Latitude API

With the recent addition of OAuth 2.0 support for the Latitude API, it is now easier than ever to start writing applications that utilize users’ location history or current location if they have opted in to sharing this information.

This post includes some examples of how you can use the powerful Latitude API to make compelling location-based applications.
Location History
There are many interesting ways you can use location history to create an interesting app. For example, Latify shows my location history on my Android phone so I can easily keep track of where I’ve been. You can use location history to answer questions like “Where was I on September 17th?” or you can analyze location history to show interesting stats. You can also export location history to Google Fusion Tables.
The possibilities expand when you use location history in conjunction with other data sets. For example, you can show location history lined up with transaction history, RSS feeds, or photo albums so users can see exactly where they were for a particular purchase, news event, or photo.
Current Location
The Latitude API allows you to access a user’s current location from a mobile device or a web server. For example, Moveable Weather allows users to call a phone number that tells them the weather based on their current Latitude location.
If you’re writing a mobile group messaging app, you can use the Latitude API to let users opt in to location sharing, allowing everyone in the group to see everyone else’s current location, without needing any location logic in your app.
These are just a few examples of the features of the Latitude API, which also includes storing location history, accessing city level location, and deleting location history. Check out the documentation to get started, or try browsing featured applications to get an idea of what you can build.


Google Maps 5.3 for Android: See your location history dashboard and more

We’re happy to announce Google Maps 5.3 for Android, which lets you see your Google Location History dashboard, check in at “home,” and add your own aspects for places when rating them.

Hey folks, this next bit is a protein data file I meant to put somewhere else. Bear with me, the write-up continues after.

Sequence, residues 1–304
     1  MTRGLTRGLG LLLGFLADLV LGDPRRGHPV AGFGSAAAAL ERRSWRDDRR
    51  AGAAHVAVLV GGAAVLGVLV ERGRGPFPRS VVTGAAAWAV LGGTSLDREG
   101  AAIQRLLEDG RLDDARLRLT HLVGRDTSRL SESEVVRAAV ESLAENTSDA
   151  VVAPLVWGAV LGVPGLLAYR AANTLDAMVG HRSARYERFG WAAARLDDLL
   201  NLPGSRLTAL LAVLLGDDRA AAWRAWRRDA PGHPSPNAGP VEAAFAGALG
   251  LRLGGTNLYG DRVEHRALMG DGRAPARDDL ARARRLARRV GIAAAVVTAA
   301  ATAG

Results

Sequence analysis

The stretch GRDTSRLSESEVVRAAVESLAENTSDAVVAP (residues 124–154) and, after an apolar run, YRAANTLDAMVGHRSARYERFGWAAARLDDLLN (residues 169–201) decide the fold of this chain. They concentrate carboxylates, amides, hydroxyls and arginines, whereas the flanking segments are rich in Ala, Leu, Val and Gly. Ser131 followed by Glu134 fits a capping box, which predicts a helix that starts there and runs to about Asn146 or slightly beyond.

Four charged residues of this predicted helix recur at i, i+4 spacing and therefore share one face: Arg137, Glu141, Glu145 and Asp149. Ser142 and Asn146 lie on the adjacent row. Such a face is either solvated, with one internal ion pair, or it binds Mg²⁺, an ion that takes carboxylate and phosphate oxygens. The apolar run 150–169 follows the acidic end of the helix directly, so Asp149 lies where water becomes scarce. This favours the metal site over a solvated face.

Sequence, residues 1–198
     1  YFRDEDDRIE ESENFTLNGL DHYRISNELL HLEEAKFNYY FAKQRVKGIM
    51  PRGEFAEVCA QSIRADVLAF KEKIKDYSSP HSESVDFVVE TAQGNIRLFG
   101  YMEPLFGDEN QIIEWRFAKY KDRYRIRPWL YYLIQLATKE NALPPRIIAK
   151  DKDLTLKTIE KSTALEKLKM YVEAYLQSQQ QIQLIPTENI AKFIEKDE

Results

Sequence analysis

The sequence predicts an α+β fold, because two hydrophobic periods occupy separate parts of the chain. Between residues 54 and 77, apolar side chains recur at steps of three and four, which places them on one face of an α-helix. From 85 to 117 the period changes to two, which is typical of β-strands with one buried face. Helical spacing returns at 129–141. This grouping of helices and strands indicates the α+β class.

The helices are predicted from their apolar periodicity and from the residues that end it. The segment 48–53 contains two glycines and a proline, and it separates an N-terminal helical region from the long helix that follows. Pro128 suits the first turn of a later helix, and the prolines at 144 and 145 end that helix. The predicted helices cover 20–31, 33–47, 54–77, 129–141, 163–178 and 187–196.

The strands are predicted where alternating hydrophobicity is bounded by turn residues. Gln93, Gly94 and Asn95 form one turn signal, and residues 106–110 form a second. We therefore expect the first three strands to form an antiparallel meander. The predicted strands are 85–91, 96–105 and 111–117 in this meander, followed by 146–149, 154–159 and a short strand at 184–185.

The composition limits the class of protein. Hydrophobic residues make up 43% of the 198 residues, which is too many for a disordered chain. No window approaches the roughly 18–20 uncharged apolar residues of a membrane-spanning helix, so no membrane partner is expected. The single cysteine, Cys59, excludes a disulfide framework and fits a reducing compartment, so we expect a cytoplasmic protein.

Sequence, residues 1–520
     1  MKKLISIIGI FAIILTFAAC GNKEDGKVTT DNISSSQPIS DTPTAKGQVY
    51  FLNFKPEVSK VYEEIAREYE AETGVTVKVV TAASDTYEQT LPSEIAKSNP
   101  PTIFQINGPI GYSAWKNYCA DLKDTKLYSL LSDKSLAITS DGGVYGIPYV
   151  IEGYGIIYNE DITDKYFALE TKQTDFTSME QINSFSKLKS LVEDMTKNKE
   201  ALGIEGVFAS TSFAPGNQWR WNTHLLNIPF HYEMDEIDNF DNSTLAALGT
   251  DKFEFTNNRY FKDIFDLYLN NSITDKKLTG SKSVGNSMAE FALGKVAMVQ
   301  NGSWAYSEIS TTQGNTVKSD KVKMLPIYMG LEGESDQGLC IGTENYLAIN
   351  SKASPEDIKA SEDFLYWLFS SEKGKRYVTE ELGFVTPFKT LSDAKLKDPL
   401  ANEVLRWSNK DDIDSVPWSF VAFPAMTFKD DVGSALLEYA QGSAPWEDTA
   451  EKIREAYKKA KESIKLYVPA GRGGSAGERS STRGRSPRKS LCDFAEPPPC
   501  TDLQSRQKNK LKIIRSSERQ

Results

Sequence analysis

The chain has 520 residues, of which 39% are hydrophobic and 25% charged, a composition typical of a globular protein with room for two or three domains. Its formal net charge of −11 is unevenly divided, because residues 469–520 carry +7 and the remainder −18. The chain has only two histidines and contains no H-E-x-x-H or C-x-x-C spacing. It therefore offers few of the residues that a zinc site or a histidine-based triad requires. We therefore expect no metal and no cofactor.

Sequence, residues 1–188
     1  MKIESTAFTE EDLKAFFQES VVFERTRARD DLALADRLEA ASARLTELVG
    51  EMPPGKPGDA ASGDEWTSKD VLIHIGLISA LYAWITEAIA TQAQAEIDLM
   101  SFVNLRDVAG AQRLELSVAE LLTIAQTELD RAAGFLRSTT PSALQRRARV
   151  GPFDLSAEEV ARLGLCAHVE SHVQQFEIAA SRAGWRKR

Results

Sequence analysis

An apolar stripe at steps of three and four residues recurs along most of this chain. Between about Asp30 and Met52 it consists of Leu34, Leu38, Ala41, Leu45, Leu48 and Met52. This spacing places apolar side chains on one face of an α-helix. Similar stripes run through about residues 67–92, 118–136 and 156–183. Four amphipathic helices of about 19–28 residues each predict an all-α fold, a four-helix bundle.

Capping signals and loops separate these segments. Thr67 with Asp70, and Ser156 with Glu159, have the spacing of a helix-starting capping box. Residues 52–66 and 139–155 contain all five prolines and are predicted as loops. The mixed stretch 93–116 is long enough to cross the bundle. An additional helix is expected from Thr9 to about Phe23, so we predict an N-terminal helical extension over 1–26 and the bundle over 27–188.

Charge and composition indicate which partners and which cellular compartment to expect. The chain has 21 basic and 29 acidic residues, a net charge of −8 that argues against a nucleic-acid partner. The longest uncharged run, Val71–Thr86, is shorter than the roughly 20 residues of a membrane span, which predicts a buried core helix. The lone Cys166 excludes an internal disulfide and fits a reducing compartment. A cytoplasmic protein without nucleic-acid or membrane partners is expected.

Location History dashboard

If you’ve enabled Location History for Google Latitude, you’ve been able to visualize interesting trends in your location history with a personal dashboard at on your computer. Now, you can also see your dashboard on your phone by tapping View location history from your Latitude profile. You’ll be able to see right on your phone how far you’ve travelled as well as an estimate of how much time you’ve spent at home, at work, or out.

If you haven’t yet, you can enable Location History from your computer or from Latitude’s Settings menu on your phone. Location History is 100% opt-in and is private to you and nobody else. You can always delete any of your location history from the Manage History tab or correct the estimated work and home locations from the dashboard on your computer.

View your location history dashboard from your Latitude profile on your phone and see estimates of where you’ve spent your time.

Check in at home

Now that you can see how much time you spend at “home”, you might want to let friends know when you’re there. Checking in at places using Latitude is another way to keep a history of places you’ve been and also lets you share when you’re there. I love letting friends and family know when I’m at a cafe or park, but sometimes I want them to know that I’m relaxing at home or made it back safely from a road trip. So now, I can start checking in at “home” in Latitude:

  1. Check in from Latitude and tap “Home – Tap to set your location” at the bottom of the nearby places list if you don’t have one yet.
  2. Use the estimated current address or enter in your home address yourself.
  3. Once you’ve checked in at home once, “Home” will appear at the top of the list when you’re checking in near there.

Like Latitude and other check-ins, checking in at home is entirely opt-in. Your set “home” location is not searchable and only you can check in there. Just like any other check-in, you can choose with whom to share your home check-ins (along with your name and address info).

Add your own aspects for places

When you’re rating places on the go in Maps using Google Places with Hotpot, you could always quickly leave feedback on a specific aspect or characteristic of a place, such as the food or ambiance. Before, we’d automatically include aspects about places that were commonly mentioned in reviews. Now, you can add your own aspects for each place. So if you think a place has a beautiful view or great music, you can add it yourself and quickly share it with the world.

When rating places, you can add your own aspects like “music” for places and leave quick feedback.

To get started, update Google Maps from Android Market on devices with Android OS 1.6+ anywhere Google Maps and Latitude are already available.